It suffered a financial blow on the heels of the Obamacare health insurance exchange, but now Health Care Service Corp. has significantly narrowed its losses.
The Chicago-based parent of Blue Cross and Blue Shield plans in five states, including in Illinois, shrank its net loss in 2015 to $65.9 million, compared with $281.9 million the year before, according to a new financial statement. The insurer, one of the biggest in the country, generated $31.2 billion in total revenue in 2015, a 12.6 percent increase from 2014.
It's not exactly clear how the insurer improved its bottom line.
"As a result of the decision we made a few years ago to aggressively enter the government programs and ACA retail businesses, our results over the last two years have looked different than prior years,” HCSC spokesman Greg Thompson said in a statement. "While these initiatives support our goal to serve the diverse needs of our policyholders and expand access to health care to new populations, they have proved financially challenging. This was expected and is largely a result of the tremendous amount of change occurring in the reforming retail market."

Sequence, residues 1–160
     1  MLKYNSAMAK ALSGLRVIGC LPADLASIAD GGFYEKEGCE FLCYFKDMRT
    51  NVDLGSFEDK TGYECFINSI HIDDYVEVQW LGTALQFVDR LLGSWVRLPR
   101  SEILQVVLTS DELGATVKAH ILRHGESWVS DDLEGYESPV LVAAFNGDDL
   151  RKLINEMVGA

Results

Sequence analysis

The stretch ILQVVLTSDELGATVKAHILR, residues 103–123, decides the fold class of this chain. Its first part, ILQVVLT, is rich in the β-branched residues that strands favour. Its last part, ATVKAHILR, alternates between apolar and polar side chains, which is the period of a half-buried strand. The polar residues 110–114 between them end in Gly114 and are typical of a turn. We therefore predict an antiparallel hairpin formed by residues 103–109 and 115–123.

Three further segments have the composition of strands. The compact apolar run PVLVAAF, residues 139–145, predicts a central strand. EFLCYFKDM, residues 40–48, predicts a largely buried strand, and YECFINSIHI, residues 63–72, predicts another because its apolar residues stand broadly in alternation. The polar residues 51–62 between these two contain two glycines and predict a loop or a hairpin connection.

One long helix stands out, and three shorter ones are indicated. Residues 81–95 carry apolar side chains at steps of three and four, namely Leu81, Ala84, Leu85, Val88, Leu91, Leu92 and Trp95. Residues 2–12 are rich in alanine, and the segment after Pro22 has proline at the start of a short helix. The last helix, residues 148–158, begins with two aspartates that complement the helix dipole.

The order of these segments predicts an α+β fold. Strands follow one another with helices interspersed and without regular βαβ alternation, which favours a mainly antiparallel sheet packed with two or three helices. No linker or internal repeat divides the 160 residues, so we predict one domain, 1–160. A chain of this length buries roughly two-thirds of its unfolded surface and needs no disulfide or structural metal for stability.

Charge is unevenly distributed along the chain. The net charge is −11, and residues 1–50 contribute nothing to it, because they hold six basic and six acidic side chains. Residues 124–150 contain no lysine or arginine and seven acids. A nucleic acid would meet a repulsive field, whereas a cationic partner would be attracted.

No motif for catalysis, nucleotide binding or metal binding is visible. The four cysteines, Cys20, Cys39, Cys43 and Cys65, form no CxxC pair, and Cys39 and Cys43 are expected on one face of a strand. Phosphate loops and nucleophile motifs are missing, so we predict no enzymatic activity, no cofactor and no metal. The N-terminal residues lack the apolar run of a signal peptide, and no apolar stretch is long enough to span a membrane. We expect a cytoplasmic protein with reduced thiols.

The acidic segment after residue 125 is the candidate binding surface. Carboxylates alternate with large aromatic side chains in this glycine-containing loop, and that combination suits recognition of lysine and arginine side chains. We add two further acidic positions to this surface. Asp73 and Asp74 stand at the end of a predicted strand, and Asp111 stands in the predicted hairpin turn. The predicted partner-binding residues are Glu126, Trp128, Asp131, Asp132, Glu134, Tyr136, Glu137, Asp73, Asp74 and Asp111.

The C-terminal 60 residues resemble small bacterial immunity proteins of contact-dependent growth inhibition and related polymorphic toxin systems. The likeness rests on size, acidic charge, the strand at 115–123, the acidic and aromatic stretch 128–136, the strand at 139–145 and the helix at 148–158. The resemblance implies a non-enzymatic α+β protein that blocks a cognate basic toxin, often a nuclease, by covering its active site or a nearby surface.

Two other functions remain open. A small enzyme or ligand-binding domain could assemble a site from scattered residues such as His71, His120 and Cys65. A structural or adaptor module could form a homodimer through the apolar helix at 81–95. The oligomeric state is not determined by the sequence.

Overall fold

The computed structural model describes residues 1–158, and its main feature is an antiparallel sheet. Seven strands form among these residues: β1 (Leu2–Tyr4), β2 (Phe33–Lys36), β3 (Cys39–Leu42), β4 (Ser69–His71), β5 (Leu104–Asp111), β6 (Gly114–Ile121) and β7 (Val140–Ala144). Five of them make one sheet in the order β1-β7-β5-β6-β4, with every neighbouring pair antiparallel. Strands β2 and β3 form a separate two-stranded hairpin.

But the insurer changed its strategy, like many of its rivals close to home and nationwide, after it lost a lot of money on the public exchanges. Many more sick and, ultimately, expensive people than expected flocked to the online marketplaces, which were launched in 2013 under the Affordable Care Act.
HCSC made some health plans pricier, increasing them by double digits in some cases. Notably in Illinois, for the enrollment period that began in the fall, the carrier eliminated its popular (but expensive) broad PPO plan in favor a narrower plan that has fewer doctors and hospitals people can see in exchange for discounted rates. Just last month, HCSC shed an undisclosed number of workers, including some in its information technology group.
After the Obamacare exchanges debuted, the insurer suffered a $281.9 million loss in 2014 on $27.71 billion in revenue, compared with a $684.3 million surplus on $22.69 billion in revenue the year before, according to a financial statement.
Despite this, HCSC has one of the strongest balance sheets in the industry, with about 15 million members at the end of 2015, Standard & Poor's said in a Dec. 16 report.
As it hustled to turn its finances around, HCSC in just the last three months of 2015 narrowed its loss by about $110 million, the new financial statement shows.
"Blue Cross parent trims Obamacare losses" originally appeared in Crain's Chicago Business.